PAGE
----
As China Goes Geriatric, We Have the Advantage; One-Child Policy Will Put a Brake on Communist Nation's Economic Growth
Byline: Susan Yoshihara, SPECIAL TO THE WASHINGTON TIMES
Washington is all abuzz about China's heir apparent, Vice President Xi Jinping, arriving in town Tuesday. Even the Pentagon is rolling out the red carpet for the man who will rule the country that may soon topple U.S. primacy in Asia. Indeed, China is ramping up a military that already can harm American interests in the region.
But let's not get ahead of ourselves.
China's rise is about to hit a great wall. That wall is demographics. Thirty years into its coercive one-child policy, Beijing announced a contraction in its workforce this year, and the leadership is worried. China's rise may not materialize the way experts say, or even at all.
True, China's leaders have grand ambitions of making this China's century, but they also recognize that population decline and a rapidly aging society may well derail those plans. Chinese older than 65 will account for more than a quarter of the entire population by 2050, up from 8 percent today. The over-80 crowd will increase more than five times during that period. Not only is the population aging rapidly, its absolute numbers will start to fall around 2029, according to United Nations estimates.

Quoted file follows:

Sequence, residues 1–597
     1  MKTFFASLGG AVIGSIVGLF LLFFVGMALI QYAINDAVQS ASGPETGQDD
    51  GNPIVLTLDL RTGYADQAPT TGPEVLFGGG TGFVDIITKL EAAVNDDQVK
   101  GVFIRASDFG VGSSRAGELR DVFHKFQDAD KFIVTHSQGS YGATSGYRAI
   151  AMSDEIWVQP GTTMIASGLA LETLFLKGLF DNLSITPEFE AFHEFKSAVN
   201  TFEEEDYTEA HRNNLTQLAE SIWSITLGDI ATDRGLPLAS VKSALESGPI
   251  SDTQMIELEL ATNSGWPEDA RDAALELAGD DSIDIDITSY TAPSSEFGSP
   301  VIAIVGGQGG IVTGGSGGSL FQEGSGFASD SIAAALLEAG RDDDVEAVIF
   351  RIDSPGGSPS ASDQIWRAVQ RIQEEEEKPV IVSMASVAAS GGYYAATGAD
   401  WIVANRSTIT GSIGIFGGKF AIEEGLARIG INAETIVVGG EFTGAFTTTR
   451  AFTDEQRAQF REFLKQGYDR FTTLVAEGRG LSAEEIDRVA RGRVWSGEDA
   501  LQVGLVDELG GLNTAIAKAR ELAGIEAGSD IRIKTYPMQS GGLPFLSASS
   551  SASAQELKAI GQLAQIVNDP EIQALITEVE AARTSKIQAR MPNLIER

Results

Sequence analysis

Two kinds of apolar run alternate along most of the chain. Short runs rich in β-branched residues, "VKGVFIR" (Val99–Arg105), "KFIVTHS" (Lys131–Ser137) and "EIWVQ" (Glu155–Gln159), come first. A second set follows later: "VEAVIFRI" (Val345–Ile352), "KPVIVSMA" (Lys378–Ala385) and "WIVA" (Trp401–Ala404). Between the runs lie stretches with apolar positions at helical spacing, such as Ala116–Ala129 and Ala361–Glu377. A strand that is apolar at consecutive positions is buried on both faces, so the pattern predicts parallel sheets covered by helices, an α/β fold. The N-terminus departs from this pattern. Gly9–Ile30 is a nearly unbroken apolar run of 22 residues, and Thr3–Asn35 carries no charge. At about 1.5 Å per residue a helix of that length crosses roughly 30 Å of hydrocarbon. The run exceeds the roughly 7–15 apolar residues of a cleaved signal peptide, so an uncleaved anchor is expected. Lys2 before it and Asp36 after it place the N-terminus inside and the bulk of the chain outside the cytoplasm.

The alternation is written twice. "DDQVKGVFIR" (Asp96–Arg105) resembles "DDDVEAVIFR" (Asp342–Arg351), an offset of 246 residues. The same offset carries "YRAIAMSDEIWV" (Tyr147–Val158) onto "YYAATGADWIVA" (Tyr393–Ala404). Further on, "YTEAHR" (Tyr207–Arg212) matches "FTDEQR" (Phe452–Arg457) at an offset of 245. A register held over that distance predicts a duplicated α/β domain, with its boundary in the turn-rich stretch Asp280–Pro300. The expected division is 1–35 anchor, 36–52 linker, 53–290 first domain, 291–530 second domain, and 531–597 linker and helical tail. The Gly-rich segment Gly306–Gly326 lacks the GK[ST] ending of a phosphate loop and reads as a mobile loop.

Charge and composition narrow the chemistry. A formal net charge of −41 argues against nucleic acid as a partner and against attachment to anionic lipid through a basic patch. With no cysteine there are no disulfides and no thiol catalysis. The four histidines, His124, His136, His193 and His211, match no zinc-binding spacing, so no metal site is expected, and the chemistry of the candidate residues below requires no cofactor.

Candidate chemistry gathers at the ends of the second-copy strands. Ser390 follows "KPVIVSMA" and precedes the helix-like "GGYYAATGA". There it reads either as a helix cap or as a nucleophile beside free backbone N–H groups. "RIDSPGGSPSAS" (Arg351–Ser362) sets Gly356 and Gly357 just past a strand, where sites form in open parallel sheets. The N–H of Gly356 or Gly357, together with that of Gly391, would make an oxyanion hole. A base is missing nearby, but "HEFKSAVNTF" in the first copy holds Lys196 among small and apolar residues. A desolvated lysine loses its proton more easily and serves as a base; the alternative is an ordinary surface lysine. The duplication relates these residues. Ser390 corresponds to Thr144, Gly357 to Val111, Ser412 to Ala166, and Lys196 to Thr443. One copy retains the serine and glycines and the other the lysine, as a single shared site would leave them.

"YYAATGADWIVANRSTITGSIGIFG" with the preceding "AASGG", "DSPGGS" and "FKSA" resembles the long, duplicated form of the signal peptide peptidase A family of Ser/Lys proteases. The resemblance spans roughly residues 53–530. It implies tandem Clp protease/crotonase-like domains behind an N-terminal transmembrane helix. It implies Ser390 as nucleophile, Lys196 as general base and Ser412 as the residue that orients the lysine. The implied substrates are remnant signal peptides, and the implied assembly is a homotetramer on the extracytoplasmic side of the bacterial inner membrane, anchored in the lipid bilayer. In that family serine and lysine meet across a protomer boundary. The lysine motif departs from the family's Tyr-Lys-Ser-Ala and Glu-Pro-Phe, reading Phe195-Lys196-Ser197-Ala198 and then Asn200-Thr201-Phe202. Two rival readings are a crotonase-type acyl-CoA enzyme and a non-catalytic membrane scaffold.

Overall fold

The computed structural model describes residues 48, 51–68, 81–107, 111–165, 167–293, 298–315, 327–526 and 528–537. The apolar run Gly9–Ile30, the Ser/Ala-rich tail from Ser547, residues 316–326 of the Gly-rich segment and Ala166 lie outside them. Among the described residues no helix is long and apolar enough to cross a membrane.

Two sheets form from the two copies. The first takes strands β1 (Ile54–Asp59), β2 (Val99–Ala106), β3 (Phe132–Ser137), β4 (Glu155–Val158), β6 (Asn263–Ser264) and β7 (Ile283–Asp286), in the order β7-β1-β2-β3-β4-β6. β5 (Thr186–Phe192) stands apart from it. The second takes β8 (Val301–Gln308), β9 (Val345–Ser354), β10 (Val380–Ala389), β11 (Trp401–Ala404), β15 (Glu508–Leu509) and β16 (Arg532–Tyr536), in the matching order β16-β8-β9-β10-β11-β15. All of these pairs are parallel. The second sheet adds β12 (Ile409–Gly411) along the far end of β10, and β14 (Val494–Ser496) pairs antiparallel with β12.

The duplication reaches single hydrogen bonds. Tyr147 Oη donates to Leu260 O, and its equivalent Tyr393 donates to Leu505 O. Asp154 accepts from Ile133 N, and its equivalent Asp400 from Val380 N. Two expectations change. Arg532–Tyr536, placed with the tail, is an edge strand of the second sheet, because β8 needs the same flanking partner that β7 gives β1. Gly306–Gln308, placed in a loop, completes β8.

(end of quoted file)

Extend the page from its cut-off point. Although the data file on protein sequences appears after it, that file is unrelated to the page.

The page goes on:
The strategic implications are unsettling. Beijing may conclude that its ability to exercise manpower-intensive military operations is diminishing. It thus may be tempted to use force to achieve important policy objectives before the window closes.
What's more, the one-child policy has produced a decades-long crisis of sex-selective abortion and infanticide of baby girls, resulting in an unnatural surplus of men. Experts say this is making Chinese society more unstable and aggressive. It already has given rise to cross-border human trafficking with China's neighbors.
We don't know if these trends will make China more pacific or more bellicose in the long term. …